The text or voice is received as vibrations in Morse code that the deafblind can interpret. Good Vibes app can be downloaded from Samsung Galaxy Store and will be made available on Google Play Store for all other Android smartphone users soon, Samsung said, adding that it has partnered with the not-for-profit organisation Sense India to take the Good Vibes app to the deaf-blind across the country.
Relumino is a visual aid application for people with low vision. It enables them to see images clearer by magnifying and minimising images, highlighting the image outline, adjusting colour contrast and brightness and reversing colour. For Relumino, Samsung has partnered with the National Association for the Blind (NAB) Delhi. It will provide Samsung Gear VR and Galaxy Note9 smartphones to NAB Delhi, and will also provide training on how to use them.
Find below minutes from the cross-party committee minutes for welsh deaf and HoH. We apologise for the very late offering but in their wisdom, the committee did not decide to make welsh people aware (Over 575,000 of them with hearing loss) of what was being discussed in their name, or when meets are held. None of the participants are voted for by the majority of welsh people with hearing loss, simply because they are never asked. Yet the Assembly noted rights and inclusion participants.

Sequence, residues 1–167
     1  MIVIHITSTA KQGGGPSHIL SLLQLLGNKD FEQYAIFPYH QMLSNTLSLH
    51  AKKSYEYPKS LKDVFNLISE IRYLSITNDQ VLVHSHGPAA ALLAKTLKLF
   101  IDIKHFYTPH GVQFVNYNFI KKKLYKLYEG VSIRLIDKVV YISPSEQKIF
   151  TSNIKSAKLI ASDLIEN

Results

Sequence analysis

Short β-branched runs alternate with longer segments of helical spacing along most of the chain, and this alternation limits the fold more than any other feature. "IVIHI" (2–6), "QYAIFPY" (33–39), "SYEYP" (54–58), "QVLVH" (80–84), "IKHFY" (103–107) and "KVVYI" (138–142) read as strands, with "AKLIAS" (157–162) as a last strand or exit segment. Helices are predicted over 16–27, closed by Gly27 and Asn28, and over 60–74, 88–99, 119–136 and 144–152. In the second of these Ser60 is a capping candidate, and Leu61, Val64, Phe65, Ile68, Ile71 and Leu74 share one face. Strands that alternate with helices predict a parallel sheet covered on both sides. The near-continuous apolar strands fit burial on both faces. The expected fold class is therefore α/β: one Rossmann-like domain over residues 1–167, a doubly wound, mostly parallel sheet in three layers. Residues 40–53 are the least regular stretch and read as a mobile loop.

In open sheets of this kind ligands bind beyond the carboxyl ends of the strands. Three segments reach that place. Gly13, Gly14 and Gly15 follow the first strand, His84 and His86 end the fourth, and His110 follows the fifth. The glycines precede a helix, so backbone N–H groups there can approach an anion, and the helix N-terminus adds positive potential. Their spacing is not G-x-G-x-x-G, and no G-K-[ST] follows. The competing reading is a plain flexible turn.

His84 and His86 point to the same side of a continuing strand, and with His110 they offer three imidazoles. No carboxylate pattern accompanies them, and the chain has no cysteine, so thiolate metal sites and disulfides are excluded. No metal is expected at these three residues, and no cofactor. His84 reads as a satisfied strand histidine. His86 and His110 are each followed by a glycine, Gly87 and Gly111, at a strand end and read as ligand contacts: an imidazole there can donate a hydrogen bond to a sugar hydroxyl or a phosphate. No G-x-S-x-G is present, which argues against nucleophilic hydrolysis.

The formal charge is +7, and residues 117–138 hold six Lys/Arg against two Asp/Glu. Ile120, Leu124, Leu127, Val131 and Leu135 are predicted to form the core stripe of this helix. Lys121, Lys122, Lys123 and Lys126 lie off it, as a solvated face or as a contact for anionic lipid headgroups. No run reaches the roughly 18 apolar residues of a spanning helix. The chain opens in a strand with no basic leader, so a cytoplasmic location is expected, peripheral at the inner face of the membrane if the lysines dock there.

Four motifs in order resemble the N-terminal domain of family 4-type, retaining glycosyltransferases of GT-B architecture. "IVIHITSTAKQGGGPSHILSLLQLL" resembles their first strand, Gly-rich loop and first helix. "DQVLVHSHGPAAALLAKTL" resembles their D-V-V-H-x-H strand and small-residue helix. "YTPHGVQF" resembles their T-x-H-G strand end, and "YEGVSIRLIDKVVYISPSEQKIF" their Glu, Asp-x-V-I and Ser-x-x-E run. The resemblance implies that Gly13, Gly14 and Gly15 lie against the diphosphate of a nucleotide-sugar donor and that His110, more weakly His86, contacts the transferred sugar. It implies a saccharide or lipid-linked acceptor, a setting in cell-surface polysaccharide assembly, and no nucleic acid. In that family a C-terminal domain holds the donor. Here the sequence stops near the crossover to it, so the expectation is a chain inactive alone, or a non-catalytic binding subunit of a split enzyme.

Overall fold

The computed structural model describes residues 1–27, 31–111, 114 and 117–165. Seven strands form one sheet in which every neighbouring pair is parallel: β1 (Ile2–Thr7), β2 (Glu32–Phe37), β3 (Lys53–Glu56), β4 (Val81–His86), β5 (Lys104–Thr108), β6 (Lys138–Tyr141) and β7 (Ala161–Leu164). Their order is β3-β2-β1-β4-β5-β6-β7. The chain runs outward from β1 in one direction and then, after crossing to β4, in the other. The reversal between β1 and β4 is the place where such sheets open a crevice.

ATR noted they are still very reluctant to invite grassroots to their meetings to comment, to raise points of order, or to question what is discussed and agreed in their name. ATR's complaint of reluctance by those running the committee of failing to engage with deaf or HoH people was actually ignored. Nothing for us, without us, and that means charities do not get to decide either. 'Open meetings' are an obvious farce and on the face of it, and discriminating who meets are open to. With one deaf club only being noted. This ignores the majority with hearing in all Wales, this may be charitable and political democracy, just, not as we know it!
* There were inaccurate statements from the NDCS in that they supported BSL in Education when the official line was NOT to! And the national government won't back it either.
* Another issue was regarding ASLI (BSL) interpreters being subject to monitoring, sadly only in North England when it should be a norm everywhere. We cannot let BSL terps do whatever they want whenever they feel like it, the current systems are failing deaf people, and as a minority are also lip--speakers that area is non-viable as it stands.
* There was an interesting suggestion we as rank and file deaf and HoH could be invited to cross-party meetings, but there was a reluctance by the committee to endorse that, citing 'security' concerns? God forbid they let US in!